I’ve never really thought all war novels are the same for truly no two writers will ever tell a story in exactly the same way. Writing a novel takes time and, for me at least, is a difficult thing to do. I have to be absolutely taken by the story I have to tell to enable me to keep going with it. That involves discovering the essence of each of my characters: who they really are and why they behave the way they do. This is what many most writers do – they really drill down into their characters – and in so doing, make each work unique.
- You credit your landlord, Fred, for starting your career as a writer – can you expand on how you feel he helped you enter this career?
For seven years, Fred and Eva Perger were both my neighbours and my landlords. They were also Czech and Jewish and had both survived the Holocaust. As we became closer, Fred started to confide in me about his experiences during the war. These confidences became regular interviews and in the space of a year, I had five hundred pages of transcript describing events and places with an honesty and photographic recall that still astound me. These interviews formed the basis for my first novel, Border Street, which opened my career as a writer.
My new novel, The Deceptions, was inspired one of the stories Fred and Eva had each told me. As teenagers, they’d been sent to the Theresienstadt ghetto outside Prague. Whilst there, they got to know a Czech gendarme whose job was to guard the camp but who was also having a clandestine relationship with one of the young Jewish women detained there. Some months later, the gendarme and the young woman disappeared from the camp. After the war, he returned home but her fate remained unknown. Over the years, I found myself wondering what had happened to her. I didn’t have enough information to research her actual life – I didn’t even know her name – but at the same time, I couldn’t stop thinking about her. In the end, I gave in and, using my imagination, I recreated her instead. From there, The Deceptions emerged.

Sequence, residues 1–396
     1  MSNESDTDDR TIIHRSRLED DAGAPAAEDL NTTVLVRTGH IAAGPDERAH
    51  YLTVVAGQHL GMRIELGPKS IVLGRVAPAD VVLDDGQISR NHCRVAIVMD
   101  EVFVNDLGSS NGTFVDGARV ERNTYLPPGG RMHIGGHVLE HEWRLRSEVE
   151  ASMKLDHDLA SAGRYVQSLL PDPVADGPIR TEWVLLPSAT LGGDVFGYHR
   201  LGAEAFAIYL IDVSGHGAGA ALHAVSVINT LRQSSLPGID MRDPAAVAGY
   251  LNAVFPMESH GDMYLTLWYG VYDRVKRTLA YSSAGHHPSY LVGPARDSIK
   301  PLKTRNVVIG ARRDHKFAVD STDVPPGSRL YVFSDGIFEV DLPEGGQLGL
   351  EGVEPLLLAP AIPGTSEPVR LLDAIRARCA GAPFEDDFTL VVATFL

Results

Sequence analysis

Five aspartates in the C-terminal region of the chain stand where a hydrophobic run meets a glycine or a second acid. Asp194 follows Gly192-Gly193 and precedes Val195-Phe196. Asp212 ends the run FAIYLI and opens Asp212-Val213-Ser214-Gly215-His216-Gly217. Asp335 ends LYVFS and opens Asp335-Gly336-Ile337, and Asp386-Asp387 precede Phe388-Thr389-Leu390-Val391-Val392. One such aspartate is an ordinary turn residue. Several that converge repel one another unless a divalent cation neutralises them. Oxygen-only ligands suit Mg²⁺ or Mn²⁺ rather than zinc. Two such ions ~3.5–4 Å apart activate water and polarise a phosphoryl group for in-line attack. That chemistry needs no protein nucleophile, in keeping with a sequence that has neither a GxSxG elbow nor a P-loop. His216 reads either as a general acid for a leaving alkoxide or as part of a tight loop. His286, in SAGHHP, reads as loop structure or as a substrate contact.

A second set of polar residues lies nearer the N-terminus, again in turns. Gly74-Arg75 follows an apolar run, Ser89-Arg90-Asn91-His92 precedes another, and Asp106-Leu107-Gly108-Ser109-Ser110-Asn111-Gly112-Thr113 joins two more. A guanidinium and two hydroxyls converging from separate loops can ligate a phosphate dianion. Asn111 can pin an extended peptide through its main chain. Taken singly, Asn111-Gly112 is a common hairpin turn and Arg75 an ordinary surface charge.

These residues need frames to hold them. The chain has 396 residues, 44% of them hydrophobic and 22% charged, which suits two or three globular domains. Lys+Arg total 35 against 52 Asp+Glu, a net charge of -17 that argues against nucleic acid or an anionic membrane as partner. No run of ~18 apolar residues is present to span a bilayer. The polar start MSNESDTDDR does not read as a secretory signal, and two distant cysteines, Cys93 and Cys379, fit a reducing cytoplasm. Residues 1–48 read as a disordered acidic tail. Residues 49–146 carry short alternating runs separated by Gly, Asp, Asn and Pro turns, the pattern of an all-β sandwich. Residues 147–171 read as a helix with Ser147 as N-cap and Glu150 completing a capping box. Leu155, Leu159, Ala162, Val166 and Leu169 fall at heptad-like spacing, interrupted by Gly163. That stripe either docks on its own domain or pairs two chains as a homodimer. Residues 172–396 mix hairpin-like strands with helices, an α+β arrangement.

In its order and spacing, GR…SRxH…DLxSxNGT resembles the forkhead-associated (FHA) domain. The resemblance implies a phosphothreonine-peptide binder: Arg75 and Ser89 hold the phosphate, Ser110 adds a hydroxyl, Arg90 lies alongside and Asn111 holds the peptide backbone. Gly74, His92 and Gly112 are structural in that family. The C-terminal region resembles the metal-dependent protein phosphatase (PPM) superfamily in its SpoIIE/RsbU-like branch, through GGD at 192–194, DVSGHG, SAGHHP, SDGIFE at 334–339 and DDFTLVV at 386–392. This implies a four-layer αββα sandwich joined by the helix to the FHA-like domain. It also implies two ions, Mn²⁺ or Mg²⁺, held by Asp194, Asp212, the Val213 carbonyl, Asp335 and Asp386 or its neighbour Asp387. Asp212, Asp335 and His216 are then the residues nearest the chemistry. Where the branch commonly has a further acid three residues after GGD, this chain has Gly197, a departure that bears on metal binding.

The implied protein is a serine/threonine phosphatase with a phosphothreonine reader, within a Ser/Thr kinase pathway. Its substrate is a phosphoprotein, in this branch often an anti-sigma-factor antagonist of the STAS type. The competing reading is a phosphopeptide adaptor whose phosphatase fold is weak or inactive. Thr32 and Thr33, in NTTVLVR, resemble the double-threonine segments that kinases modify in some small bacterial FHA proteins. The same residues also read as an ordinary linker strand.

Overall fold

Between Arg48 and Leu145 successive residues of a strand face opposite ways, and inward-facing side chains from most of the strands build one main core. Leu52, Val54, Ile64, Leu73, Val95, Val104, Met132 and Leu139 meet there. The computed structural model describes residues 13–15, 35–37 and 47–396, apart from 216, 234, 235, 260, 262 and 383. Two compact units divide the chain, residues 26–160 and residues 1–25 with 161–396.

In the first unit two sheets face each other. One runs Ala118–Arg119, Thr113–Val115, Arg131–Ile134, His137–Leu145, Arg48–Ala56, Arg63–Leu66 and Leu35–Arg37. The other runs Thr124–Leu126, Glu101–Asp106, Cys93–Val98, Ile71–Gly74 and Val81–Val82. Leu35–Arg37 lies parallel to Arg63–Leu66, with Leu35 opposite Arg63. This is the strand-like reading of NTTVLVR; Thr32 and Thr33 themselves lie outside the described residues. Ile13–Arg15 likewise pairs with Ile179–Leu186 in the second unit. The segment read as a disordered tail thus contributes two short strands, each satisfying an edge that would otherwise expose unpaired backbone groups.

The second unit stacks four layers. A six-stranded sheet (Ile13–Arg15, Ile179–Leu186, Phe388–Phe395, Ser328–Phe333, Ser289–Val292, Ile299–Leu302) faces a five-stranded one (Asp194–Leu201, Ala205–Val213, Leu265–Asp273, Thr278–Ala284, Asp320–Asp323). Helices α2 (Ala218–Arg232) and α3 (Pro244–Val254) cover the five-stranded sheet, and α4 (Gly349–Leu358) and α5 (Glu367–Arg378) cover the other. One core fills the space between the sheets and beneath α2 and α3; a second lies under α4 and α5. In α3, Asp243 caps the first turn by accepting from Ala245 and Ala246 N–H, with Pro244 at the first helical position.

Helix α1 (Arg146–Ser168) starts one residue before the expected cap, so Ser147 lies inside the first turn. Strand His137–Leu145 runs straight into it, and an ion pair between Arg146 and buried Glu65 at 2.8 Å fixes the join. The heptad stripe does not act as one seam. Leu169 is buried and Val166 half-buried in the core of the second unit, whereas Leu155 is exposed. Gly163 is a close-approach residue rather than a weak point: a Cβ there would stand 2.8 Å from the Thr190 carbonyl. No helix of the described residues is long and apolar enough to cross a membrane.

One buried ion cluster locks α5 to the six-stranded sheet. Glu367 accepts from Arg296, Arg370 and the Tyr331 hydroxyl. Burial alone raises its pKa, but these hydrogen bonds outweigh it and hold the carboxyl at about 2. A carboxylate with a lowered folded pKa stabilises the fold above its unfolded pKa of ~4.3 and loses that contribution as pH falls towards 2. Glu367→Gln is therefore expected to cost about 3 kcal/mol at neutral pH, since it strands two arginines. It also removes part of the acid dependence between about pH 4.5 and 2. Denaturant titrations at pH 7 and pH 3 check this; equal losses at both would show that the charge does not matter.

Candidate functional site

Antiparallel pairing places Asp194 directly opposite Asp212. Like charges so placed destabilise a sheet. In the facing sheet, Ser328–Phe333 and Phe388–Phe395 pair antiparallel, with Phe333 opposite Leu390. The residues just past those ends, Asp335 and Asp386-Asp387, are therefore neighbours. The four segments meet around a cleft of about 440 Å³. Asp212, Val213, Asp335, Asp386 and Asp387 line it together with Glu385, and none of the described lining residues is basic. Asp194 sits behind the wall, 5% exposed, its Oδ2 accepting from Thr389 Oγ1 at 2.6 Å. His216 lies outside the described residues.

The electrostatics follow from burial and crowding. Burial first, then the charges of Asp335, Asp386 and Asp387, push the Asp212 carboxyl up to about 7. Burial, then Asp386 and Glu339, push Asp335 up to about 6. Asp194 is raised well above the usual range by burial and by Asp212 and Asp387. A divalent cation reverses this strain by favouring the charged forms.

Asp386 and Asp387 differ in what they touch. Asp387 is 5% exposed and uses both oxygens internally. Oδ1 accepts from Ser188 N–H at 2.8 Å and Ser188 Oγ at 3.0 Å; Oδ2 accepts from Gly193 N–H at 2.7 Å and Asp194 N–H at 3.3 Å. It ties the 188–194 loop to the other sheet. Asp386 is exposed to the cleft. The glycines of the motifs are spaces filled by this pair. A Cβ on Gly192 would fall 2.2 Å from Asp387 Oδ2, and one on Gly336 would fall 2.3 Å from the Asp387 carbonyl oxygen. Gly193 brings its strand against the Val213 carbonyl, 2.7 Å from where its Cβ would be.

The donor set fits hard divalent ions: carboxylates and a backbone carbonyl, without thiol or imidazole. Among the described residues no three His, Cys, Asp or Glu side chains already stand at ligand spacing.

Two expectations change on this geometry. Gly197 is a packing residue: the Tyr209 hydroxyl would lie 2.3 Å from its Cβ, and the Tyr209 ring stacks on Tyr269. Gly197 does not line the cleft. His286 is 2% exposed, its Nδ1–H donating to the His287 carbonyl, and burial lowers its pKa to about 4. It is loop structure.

- Which do you prefer – being a writer, or fighting for justice in a court room?
I like the combination. As a lawyer, I sit on a tribunal where I make decisions about people who come before me. I might be called on to decide whether a person should have a taxi licence or a building licence or a tattooing licence or a firearms licence. I might also be asked to decide whether a person should have the right to work with children. To make decisions like this, I need to know a lot about a person’s background, behaviour and motivation. This makes my work fascinating.
As a writer, I love to sit alone and to try to put into words those things in life that puzzle me or shock me or surprise me. I love sitting down to get out on paper all the thoughts that would otherwise clog up my head.
- What is it about World War Two and its stories in particular that you are interested in?
I am interested in World War Two because of the unbelievable horror of the Holocaust. I find it absolutely impossible to contemplate what it must have been like to have been part of it. Because I became so close to my neighbours, Fred and Eva Perger, who were both Holocaust survivors, I found myself thinking about World War Two a lot. I found myself wondering how I would have behaved had I been part of the war: would I have behaved well, would I have been altruistic or would I have simply focused on myself?